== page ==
All good businesses ideas take time to brew. For Nailah, her entrepreneurial journey started at an early age. When she learned the word inventor at school something inside her lit up.
A young Detroiter, she remembered how exciting it was when speakers would come into her elementary school. One speaker who shared their story was an inventor. Something about the idea of inventing excited Nailah. Combining the gift of invention with her gift of selling, she was already forming the backbone of what it takes to be an entrepreneur.
"I always sold everything, candy, chips, juice,” she said. “I knew then that entrepreneurship was for me."
So what was a product she could start with? Years later Nailah would try a few ideas before stumbling on the right one. Nailah always loved her family’s iced tea recipe. It was passed down from her great grandfather. When her father made it during the holidays, everyone loved it. She thought that it could be a low barrier into entrepreneurship. So, Nailah started to make trips to the grocery store to purchase bags of tea and create her own recipe.
“There were other things I looked into and then realized our tea recipe was it,” she said. “I asked myself if there’s no such thing as money what would I do for free? Making our family beverage was it.”
It wasn’t so easy at first. Nailah had to test out different ingredients and then learn how to take those ingredients to scale. She made it every day for an entire year before she felt it was good enough to sell. First, the color was off. Then, the materials weren’t right. Adding raw herbs and keeping everything natural felt right.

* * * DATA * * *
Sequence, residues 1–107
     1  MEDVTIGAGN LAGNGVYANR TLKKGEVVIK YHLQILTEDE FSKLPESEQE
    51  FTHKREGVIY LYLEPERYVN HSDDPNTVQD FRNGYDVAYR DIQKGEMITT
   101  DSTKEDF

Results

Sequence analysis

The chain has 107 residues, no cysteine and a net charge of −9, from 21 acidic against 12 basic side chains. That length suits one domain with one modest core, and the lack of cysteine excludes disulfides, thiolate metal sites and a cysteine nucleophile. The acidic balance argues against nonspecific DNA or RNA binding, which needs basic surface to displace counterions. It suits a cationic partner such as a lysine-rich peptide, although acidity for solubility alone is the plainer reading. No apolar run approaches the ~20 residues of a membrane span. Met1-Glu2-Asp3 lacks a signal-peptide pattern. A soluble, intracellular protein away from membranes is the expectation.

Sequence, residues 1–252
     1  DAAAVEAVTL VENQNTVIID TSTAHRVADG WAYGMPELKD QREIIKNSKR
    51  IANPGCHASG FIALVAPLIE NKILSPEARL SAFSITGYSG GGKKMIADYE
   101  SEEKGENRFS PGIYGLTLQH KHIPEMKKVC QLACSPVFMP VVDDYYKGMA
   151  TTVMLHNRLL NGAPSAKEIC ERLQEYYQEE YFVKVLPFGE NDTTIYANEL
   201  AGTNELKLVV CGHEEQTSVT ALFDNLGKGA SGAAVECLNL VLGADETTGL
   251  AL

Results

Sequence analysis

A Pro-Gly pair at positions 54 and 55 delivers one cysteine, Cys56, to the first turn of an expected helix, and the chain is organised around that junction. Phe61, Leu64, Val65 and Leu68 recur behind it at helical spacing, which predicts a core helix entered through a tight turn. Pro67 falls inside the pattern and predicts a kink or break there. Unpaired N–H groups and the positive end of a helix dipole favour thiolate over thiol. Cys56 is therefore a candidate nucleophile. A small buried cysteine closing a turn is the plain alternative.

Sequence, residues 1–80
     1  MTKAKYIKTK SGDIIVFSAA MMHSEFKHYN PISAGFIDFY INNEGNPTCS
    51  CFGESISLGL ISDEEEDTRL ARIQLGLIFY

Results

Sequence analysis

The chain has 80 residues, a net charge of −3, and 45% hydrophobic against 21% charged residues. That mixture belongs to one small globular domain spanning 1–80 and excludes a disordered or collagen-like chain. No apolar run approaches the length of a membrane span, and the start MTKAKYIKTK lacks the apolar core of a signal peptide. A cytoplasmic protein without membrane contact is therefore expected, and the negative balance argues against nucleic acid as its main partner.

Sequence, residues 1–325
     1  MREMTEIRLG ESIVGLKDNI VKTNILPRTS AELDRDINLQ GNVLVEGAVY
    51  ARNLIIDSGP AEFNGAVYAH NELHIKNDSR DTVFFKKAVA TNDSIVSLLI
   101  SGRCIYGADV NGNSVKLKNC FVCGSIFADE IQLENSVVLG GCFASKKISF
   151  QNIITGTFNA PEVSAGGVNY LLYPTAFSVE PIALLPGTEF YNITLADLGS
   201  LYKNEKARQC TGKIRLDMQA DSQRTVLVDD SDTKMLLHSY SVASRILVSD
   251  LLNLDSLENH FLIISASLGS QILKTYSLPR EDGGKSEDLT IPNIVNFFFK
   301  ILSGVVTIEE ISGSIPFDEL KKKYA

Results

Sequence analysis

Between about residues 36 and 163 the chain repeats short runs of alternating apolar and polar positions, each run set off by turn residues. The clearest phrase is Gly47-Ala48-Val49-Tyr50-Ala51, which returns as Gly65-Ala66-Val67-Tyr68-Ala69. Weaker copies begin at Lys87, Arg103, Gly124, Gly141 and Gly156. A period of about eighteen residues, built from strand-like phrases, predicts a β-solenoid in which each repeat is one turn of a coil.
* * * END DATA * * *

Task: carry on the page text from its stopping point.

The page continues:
“I had to become a chemical engineer and create my own recipe,” she said. The tea is hand steeped. A lot of other companies will use syrups, but not Ellis Island Tea. It’s a much cleaner label product and it tastes homemade, from Nailah’s family. Now, Ellis Island Tea can be found at Meijers across the midwest and whole food stores near you.
“We hear all the time it’s so smooth - just like real tea. It is real tea!,” she said.
But it’s not just brewing quality tea that inspires Nailah, or her ability to invent a company on her own, it’s freedom for herself and jobs for others that keep her going through tough times. She loves having the freedom to create and work for herself though she warns it can be challenging.
“Entrepreneurship is not easy. It is much harder than having a job. It’s harder than a 9-5,” she said. “You have to figure a lot out for yourself. Freedom is what pushes me through hard times.”
Though her tea is becoming a national brand, Nailah has no intentions of losing her Detroit roots. She treats her own employees as part of the family. She also has big plans to grow the family.
As they expand and build national momentum, she hopes to keep hiring Detroiters.
“What does our growth mean for Detroit? Employment. I can hire more Detroit natives,” she said.” A lot of people are claiming they can rebirth or save the city but it’s not always helping Detroit natives.”
“I am working with people born and raised here. That’s what Detroit needs,” she said.